The Low Anthem

the low anthem

Like a freight train steadily gathering steam, there’s been a steady but inexorable buzz building around The Low Anthem. Everyone from Whispering Bob to Steve Lamacq has been singing this Rhode Island three-piece’s praises, and they’ve drawn gushing parallels with musical contemporaries including Horse Feathers, Iron and Wine and their Bella Union label-mates, Fleet Foxes.

Such heady comparisons certainly aren’t unjustified. The band’s latest album, Oh My God Charlie Darwin, is one of the year’s finest: a whistle-stop romp through the annals of American music, taking in everything from hillbilly stomp (The Horizon is a Beltway) to railroad ballads (To Ohio), hymnal devotionals (Cage The Songbird) and apocalyptic allegories à la Dylan or Neil Young (Ticket Taker, Charlie Darwin). Rarely has a band seemed so steeped in their own musical heritage – a fact that’s clearly not lost on the band’s bassist, Jeff Prystowsky.

“We definitely wear our influences on our sleeve,” he admits. “Not that we’re consciously trying to preserve traditions – we’re not a revivalist or preservationist type band – but bits of the old come out regardless.  Dylan, Cohen, Waits, Young. We love that good old stuff.”

Formed in Providence, Rhode Island, by Prystowsky (“jazz bassist, baseball scholar”) and Ben Knox Miller (“folk musician, poet, painter”), the band released its eponymous debut album in June 2006 before hooking up with fellow Brown University alumnus Jocie Adams (“classical composer, NASA technician”) in late 2007. A second release, What the Crow Brings, earned them further admirers, but it was their 2008 follow-up, Oh My God Charlie Darwin, which really defined their musical direction.

Recorded during a ten-day sojourn to the wintry beach resort of Block Island (where ‘the only sounds were the rush of sea wind against the panes of the cabin and the crackling hum of the woodstove”), the album plays out like a bitter-sweet soundtrack to the world’s last days: the band has expressed an ‘obsession’ with Darwin’s theory of natural selection, and the album is riddled with apocalyptic imagery – skies on fire, crumbling buildings, flooded lands. But it’s the complex, wilfully playful instrumentation which really makes this album sing: listen close and you’ll discern everything from the mournful strains of oboes, clarinets and alto horns to the hoedown chug of a WWI-era pump organ.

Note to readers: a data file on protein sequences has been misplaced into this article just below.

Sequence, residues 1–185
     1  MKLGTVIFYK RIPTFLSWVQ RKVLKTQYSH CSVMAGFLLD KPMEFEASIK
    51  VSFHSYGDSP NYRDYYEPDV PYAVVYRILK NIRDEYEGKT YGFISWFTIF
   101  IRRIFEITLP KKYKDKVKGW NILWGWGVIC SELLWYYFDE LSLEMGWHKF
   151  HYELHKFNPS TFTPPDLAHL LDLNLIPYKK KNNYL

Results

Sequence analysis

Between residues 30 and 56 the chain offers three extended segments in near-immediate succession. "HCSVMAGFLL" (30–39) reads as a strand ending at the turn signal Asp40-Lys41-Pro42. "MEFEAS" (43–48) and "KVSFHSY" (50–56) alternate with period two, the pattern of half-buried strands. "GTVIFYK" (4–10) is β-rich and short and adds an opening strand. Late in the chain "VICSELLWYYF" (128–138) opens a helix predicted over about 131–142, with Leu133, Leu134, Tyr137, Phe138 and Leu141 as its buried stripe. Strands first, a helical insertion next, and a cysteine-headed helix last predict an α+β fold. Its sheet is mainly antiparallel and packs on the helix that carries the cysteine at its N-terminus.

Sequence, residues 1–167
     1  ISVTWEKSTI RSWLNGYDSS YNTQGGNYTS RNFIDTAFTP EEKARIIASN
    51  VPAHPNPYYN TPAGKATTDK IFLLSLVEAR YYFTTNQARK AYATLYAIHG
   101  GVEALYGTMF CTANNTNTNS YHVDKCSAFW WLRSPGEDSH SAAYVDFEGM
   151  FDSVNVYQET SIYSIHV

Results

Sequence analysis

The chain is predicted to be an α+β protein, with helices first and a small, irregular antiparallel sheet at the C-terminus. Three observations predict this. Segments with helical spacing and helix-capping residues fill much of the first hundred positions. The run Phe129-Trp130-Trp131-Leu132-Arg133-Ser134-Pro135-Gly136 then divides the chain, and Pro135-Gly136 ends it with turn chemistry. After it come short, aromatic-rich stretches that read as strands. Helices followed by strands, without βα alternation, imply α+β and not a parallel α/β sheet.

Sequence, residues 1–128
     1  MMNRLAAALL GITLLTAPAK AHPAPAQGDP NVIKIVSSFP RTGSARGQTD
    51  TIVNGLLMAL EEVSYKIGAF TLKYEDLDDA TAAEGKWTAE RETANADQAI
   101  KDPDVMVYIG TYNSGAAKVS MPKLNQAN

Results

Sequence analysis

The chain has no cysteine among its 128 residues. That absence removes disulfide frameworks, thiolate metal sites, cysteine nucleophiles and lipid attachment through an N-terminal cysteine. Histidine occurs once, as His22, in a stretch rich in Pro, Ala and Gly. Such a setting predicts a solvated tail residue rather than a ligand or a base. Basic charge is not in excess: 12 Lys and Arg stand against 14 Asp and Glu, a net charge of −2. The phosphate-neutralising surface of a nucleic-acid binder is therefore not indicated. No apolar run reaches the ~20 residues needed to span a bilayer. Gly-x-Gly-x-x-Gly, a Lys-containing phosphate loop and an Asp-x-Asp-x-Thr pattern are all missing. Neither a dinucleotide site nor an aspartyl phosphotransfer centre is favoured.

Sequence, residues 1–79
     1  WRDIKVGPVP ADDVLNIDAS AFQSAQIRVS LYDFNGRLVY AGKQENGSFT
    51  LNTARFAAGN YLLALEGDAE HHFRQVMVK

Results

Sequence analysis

While the band refuse to be drawn on the album’s lyrical darkness (“the more you talk about it, the more it disappears,” Jeff muses cryptically), they’re more comfortable discussing its musical experimentation.  “We’re obsessed with instruments. The only problem is, we don’t know how to play them all, so we learn what we need to get by. A few chords here, a line there. ‘Complex instrumentation with simple fingerings’ is what we do.”

Initially self-distributed (with a silk-screened cover designed and printed by the band), Oh My God Charlie Darwin was subsequently snapped up by Nonesuch (home to Wilco, The Black Keys and The Magnetic Fields) and remixed by renowned producer Bob Ludwig, before receiving a European release courtesy of Bella Union. The album has since earned the band heavyweight industry attention on both sides of the pond, including rave reviews in Uncut, Mojo and Rolling Stone, major tours of the US and Europe and, of course, a hotly-anticipated appearance at End of the Road.

Despite the departure of their erstwile drummer Cyrus Scofield (who’s recently traded in his sticks to work in a Buddhist retreat), things are looking pretty rosy for the Low Anthem – but I wonder whether the band ever worry about the pressures their newfound success might have on their work.

“I think it depends on where you find that hunger,” Jeff ponders. “It shouldn’t come from sitting around complaining that no one knows who you are. That’s not true for us anymore, and it’s really good that that option is gone. But we never feel settled with our music – we’re always meddling and experimenting, battling with the arrangements until the very last minute. For the first month after the record comes out, we’re horrified and consider alternate career options. Then a little time goes by and we learn how to love it again.”